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Top 8 Local Foods to Try in Toronto

a view of a city at night

Toronto is the capital city of the Canadian province of Ontario and the most populous city in the country. Also referred to by locals as TDot, the city is considered the cultural and culinary capital of Canada and is one of the country’s most popular travel destinations, attracting over 40 million tourists annually. With its multicultural ethos, Toronto boasts a diverse and exciting dining scene that is definitely worth the trip.

Every city in the world has its own list of top local foods to try – and Toronto is no exception. From unique desserts to savory dishes and meats, there’s no shortage of must-try delicacies in the Canadian city. Whether you’re a first-time visitor or you’ve been multiple times, check out this list of top 8 local foods to try in Toronto (and where to get them). 

(Tip: Before you go check out the foodie scene in the city, look for a luggage storage locker where you can deposit your bulky items temporarily.)


a woman holding a plate of food

When you think of Canadian food, the first thing that comes to mind is poutine. Originally from the province of Quebec, it is the unofficial “national dish” of Canada and is a beloved delicacy in all parts of the country; there are even yearly celebrations of poutine being held across Canada. Poutine is essentially French fries topped with gravy and cheese curds, though there are now many variations of the original recipe. 

Where to get it: While getting poutine is fairly easy in Toronto, one of the best places in the city to get this signature snack is at Smoke’s Poutinerie, which has six locations in downtown Toronto.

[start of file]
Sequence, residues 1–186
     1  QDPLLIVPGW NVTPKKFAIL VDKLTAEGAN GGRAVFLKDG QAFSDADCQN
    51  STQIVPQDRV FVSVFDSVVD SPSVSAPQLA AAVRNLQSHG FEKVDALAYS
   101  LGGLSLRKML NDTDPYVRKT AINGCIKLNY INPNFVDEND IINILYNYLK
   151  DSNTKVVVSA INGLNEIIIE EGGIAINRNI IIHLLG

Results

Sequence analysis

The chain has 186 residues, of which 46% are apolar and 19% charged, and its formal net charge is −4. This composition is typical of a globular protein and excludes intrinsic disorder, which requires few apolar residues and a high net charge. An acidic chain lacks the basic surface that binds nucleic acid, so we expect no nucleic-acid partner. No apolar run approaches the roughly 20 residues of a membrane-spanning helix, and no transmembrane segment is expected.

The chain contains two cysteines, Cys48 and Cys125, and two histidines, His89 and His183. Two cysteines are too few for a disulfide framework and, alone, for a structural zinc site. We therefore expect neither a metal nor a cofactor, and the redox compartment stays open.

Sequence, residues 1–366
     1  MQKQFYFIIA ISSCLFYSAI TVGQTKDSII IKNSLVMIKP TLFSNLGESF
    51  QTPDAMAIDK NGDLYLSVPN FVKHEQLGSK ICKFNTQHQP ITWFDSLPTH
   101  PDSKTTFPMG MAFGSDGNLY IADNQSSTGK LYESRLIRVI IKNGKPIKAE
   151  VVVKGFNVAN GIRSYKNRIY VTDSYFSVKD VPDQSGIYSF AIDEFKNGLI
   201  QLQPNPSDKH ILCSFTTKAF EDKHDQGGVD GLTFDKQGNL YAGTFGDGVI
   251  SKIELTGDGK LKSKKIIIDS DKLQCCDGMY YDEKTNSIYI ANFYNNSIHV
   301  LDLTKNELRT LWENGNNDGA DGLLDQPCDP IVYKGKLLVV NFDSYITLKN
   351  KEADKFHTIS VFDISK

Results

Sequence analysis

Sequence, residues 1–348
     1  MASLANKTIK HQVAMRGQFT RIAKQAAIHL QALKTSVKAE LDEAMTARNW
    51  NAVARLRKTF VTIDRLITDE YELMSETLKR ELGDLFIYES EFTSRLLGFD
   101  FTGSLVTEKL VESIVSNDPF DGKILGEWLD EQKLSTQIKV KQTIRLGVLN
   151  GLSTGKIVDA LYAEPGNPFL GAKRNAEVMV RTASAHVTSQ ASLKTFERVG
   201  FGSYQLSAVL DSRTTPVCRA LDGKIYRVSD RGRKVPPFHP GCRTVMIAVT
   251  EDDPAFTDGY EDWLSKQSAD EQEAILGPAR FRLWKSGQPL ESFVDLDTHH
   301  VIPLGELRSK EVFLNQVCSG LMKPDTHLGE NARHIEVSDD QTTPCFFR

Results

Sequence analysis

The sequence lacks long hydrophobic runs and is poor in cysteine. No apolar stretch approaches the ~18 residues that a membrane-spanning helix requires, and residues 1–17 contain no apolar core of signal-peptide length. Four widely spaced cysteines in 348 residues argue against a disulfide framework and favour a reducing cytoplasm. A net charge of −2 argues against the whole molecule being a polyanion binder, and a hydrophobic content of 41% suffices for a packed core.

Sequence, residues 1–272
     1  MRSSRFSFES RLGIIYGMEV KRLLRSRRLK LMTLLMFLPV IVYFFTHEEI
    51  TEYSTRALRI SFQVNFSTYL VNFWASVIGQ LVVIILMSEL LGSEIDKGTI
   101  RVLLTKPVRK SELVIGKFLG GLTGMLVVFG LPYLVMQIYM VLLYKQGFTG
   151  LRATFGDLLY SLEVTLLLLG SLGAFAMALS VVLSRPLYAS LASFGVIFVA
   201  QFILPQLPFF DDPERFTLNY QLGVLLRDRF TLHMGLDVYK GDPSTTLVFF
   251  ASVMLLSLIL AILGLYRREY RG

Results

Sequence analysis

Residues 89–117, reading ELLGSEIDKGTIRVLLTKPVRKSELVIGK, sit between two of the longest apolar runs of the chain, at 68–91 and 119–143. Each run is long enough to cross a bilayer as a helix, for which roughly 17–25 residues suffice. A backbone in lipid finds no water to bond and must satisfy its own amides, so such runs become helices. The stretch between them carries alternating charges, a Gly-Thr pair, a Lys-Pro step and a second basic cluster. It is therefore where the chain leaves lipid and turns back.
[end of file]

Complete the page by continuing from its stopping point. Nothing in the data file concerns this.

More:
Peameal Bacon Sandwich

Referred to everywhere else as Canadian bacon, peameal bacon is another classic local dish that you need to try when in Toronto. Unlike the bacon we all know and love, which is derived from pig’s belly, peameal bacon is made out of lean pork loin trimmed, brined, and rolled in cornmeal. The most common way to serve up this delicious meat is in a sandwich, which is comprised of homemade buns, generous amounts of grilled bacon, and tangy mustard.

Where to get it: Similar to poutine, a peameal bacon sandwich is easy to get around Toronto. However, undoubtedly the best place to sample this local delicacy is Carousel Bakery, located in the famous St. Lawrence Market. 



BeaverTails is a deep-fried dough, similar to a donut but without a hole, that is flattened and topped with a variety of ingredients, such as peanut butter, Nutella, chocolates, and more. Established in 1978, BeaverTails is actually a brand that was started by Graham Hooker; the pastry’s recipe has been passed down in Hooker’s family for generations.

Where to get it: Since opening its first store in Ottawa, BeaverTails has expanded to multiple locations across Canada. In Toronto, you can find BeaverTails along Queens Quay West in the Harbourfront neighborhood.

Nanaimo Bars